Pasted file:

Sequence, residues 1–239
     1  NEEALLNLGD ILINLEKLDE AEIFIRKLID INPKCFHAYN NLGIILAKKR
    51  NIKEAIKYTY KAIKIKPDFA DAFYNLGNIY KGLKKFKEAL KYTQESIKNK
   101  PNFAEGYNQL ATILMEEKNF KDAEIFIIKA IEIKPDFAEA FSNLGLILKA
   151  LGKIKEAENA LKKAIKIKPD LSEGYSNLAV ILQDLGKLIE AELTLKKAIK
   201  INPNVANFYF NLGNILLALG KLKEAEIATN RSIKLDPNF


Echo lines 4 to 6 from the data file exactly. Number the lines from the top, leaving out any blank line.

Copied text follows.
   101  PNFAEGYNQL ATILMEEKNF KDAEIFIIKA IEIKPDFAEA FSNLGLILKA
   151  LGKIKEAENA LKKAIKIKPD LSEGYSNLAV ILQDLGKLIE AELTLKKAIK
   201  INPNVANFYF NLGNILLALG KLKEAEIATN RSIKLDPNF